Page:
Nobody knows what a bird can do in the way of song until he has heard a passero solitario. I think they still have one at the Hotel Mendrisio, but am not sure. I heard one there once, and can only say that I shall ever remember it as the most beautiful warbling that I ever heard come out of the throat of bird. All other bird singing is loud, vulgar, and unsympathetic in comparison. The bird itself is about as big as a starling, and is of a dull blue colour. It is easily tamed, and becomes very much attached to its master and mistress, but it is apt to die in confinement before very long. It fights all others of its own species; it is now a rare bird, and is doomed, I fear, ere long to extinction, to the regret of all who have had the pleasure of its acquaintance. The Italians are very fond of them, and Professor Vela told me they will even act like a house dog and set up a cry if any strangers come. The one I saw flew instantly at my finger when I put it near its cage, but I was not sure whether it did so in anger or play. I thought it liked being listened to, and as long as it chose to sing I was delighted to stay, whereas as a general rule I want singing birds to leave off. 32
People say the nightingale’s song is so beautiful; I am ashamed to own it, but I do not like it. It does not use the diatonic scale. A bird should either make no attempt to sing in tune, or it should succeed in doing so. Larks are Wordsworth, and as for canaries, I would almost sooner hear a pig having its nose ringed, or the grinding of an axe. Cuckoos are all right; they sing in tune. Rooks are lovely; they do not pretend to tune. Seagulls again, and the plaintive creatures that pity themselves on moorlands, as the plover and the curlew, or the birds that lift up their voices and cry at eventide when there is an eager air blowing upon the mountains and the last yellow in the sky is fading — I have no words with which to praise the music of these people. Or listen to the chuckling of a string of soft young ducks, as they glide single- file beside a ditch under a hedgerow, so close together that they look like some long brown serpent, and say what sound can be more seductive.
Many years ago I remember thinking that the birds in New Zealand approached the diatonic scale more nearly than European birds do. There was one bird, I think it was the New Zealand thrush, but am not sure, which used to sing thus:-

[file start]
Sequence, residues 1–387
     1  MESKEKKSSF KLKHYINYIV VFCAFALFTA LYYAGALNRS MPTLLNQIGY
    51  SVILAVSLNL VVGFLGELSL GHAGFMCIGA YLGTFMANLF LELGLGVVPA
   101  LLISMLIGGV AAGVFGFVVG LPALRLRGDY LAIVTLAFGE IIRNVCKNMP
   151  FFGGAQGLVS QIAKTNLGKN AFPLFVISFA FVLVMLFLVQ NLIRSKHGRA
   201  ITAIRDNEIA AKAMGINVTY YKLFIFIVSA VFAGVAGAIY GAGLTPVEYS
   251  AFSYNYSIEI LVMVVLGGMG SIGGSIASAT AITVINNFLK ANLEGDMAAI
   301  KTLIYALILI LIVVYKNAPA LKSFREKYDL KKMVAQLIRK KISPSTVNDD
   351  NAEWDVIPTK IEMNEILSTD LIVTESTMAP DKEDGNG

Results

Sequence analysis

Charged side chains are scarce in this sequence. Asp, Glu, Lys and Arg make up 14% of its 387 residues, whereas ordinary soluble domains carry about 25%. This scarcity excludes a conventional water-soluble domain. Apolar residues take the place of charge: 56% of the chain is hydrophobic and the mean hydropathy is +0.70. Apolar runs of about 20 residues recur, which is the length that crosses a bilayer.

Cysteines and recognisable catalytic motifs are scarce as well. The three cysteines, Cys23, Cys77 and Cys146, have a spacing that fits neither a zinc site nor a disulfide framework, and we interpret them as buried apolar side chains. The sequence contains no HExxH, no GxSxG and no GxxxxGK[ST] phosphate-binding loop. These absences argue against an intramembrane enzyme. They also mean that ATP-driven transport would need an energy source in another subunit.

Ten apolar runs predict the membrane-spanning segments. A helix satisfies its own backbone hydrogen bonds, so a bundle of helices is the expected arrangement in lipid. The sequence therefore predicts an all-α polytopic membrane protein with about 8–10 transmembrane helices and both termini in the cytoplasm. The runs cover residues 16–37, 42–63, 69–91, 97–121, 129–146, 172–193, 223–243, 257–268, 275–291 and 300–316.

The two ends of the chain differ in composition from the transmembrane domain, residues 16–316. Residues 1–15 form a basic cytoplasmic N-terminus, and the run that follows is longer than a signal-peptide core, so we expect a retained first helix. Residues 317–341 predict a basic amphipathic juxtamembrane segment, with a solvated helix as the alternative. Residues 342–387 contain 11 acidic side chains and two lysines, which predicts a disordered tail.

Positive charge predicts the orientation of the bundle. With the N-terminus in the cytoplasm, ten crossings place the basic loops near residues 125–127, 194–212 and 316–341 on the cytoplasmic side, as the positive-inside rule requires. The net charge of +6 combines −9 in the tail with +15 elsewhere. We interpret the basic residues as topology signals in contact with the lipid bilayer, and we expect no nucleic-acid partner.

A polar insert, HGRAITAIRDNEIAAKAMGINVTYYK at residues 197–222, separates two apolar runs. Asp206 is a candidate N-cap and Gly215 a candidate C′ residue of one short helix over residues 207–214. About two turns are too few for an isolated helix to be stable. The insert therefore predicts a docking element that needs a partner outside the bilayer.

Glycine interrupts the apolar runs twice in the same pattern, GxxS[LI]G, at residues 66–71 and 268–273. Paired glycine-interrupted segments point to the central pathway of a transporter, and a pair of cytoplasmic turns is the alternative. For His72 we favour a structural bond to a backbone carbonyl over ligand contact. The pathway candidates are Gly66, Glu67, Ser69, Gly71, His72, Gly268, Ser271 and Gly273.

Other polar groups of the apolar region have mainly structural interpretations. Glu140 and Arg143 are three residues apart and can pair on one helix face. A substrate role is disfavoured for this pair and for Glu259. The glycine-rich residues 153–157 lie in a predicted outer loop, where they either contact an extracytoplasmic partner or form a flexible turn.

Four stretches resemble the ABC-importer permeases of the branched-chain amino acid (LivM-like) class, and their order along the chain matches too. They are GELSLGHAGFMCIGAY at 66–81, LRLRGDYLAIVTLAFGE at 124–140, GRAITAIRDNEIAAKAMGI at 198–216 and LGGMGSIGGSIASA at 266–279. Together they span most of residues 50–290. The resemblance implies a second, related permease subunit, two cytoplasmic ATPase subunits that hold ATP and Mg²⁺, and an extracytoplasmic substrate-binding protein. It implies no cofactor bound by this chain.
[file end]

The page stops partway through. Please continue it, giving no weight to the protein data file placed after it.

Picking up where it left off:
I was always wanting it to go on:-
But it never got beyond the first four bars. Then there was another which I noticed the first day I landed, more than twenty years since, and whose song descended by very nearly perfect semitones as follows:-
but the semitones are here and there in this bird’s song a trifle out of tune, whereas in that of the other there was no departure from the diatonic scale. Be this, however, as it may, none of these please me so much as the passero solitario.
The only mammals that I can call to mind at this moment as showing any even apparent approach to an appreciation of the diatonic scale are the elephant and the rhinoceros. The braying (or whatever is the technical term for it) of an elephant comprises a pretty accurate third, and is of a rich mellow tone with a good deal of brass in it. The rhinoceros grunts a good fourth, beginning, we will say, on C, and dropping correctly on to the G below.
The Monte Generoso, then, is a good place to stay a few days at, but one soon comes to an end of it. The top of a mountain is like an island in the air, one is cooped up upon it unless one descends; in the case of the Monte Generoso there is the view of the lake of Lugano, the walk to the Colma, the walk along the crest of the hill by the farm, and the view over Lombardy, and that is all. If one goes far down one is haunted by the recollection that when one is tired in the evening one will have all one’s climbing to do, and, beautiful as the upper parts of the Monte Generoso are, there is little for a painter there except to study cattle, goats, and clouds. I recommend a traveller, therefore, by all means to spend a day or two at the hotel on the Monte Generoso, but to make his longer sojourn down below at Mendrisio, the walks and excursions from which are endless, and all of them beautiful.